A car salesman has been jailed for 14 months after he tried to blame his speeding tickets on fictional drivers that he made up to avoid fines.
Avice Amjad, 42, was clocked over the speed limit on six different occasions between June 16 and November 11, 2019.
The incidents, which related to two cars owned by the dealer, all occurred on the M621 and the A641.
During the final incident, his vehicle was recorded at 93mph in a 70mph zone of the M621.
When Notices of Intended Prosecution were sent to him, he denied he had been driving and gave made up names of men he claimed had been behind the wheel.
Investigators looked into his claims but found no trace of the details he had given.
When questioned again, Amjad claimed he had sold the vehicles prior to the offences occurring.
Police investigated his account and concluded that he had provided false or misleading information to evade prosecution for speeding.
Last year, he admitted to the offences and on Thursday he returned to Bradford Crown Court where he was sentenced to 14 months in prison.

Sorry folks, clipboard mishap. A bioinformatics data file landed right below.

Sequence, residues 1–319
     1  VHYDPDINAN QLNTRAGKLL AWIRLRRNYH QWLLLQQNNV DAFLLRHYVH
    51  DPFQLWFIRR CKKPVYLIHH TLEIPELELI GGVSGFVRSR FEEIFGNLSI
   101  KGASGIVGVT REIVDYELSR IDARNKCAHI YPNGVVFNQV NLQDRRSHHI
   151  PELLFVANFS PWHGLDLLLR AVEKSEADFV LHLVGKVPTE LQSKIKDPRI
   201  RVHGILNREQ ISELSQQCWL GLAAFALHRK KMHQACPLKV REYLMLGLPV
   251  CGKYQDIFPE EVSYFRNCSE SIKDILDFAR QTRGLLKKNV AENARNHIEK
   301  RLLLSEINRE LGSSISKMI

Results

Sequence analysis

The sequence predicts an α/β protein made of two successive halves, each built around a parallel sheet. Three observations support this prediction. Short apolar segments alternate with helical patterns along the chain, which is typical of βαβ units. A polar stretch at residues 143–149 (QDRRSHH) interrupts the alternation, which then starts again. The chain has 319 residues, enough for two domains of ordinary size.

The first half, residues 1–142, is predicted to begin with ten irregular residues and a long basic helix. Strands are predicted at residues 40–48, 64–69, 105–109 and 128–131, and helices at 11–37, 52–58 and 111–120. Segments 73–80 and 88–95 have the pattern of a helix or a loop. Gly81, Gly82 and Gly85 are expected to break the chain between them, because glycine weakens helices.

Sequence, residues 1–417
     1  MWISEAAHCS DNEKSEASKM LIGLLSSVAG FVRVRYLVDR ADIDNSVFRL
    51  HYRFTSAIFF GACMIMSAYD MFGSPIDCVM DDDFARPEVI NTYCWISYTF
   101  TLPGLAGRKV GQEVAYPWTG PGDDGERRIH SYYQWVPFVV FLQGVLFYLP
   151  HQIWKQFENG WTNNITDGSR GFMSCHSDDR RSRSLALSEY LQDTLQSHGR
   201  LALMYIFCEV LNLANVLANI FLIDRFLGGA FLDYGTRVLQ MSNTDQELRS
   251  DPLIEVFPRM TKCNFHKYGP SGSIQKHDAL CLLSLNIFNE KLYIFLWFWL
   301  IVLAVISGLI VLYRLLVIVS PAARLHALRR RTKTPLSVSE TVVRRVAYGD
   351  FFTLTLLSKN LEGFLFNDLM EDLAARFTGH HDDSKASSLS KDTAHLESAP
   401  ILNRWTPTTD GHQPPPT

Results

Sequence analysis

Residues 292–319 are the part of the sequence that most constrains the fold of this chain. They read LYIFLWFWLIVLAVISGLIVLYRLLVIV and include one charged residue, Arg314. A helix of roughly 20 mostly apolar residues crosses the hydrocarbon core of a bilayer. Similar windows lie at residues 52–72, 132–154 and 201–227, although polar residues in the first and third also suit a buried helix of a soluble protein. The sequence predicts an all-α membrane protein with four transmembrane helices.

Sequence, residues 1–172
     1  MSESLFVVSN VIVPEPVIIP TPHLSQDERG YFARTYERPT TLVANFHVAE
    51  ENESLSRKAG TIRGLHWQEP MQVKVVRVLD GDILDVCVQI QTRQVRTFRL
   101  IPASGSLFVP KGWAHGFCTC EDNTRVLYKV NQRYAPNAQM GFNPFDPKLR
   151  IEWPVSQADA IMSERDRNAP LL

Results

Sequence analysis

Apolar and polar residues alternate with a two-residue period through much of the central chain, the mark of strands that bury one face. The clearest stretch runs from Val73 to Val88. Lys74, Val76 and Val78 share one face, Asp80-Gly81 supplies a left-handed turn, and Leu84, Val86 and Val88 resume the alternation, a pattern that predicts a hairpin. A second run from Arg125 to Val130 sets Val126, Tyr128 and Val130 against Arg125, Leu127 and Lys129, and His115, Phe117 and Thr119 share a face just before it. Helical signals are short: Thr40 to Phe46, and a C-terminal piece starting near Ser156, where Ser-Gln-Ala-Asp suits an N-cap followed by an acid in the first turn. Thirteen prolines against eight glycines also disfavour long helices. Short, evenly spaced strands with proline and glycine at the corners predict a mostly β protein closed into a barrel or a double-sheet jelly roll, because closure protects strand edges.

The court heard that as well as providing fake names, Amjad also gave the address of an innocent woman who did not even own a car.
The bench also heard that the defendant was desperate not to be suspended from driving so he could continue to run his second-hand car business.
Amjad’s mitigating counsel told the court: ‘It was persistent, but not sophisticated, what he did.
‘He accepts he is the author of his own misfortunes.
‘It was a determined and desperate attempt to avoid disqualification.
‘He has a number of staff. He is the man that goes and buys the cars and then they are cleaned and sold at his premises.’
As well as being put behind bars, Amjad was also banned from driving for 18 months, reports the Telegraph and Argus.
Judge Neil Davey QC told Amjad: ‘This was a determined and long lasting period of offending where you repeatedly gave false details and ignored warnings from police.
‘There are no mitigating factors in your case, other than your guilty plea.’
Speaking after the hearing, Rachel Wainwright of West Yorkshire Police’s casualty deduction unit, said: ‘Amjad thought he could avoid being accountable for the points and speeding fines but ended up in a worse situation by not being clear about who was responsible for the vehicles.
‘I hope this sentence sends a message out to drivers who think they can take to West Yorkshire’s roads without taking responsibility for their actions.’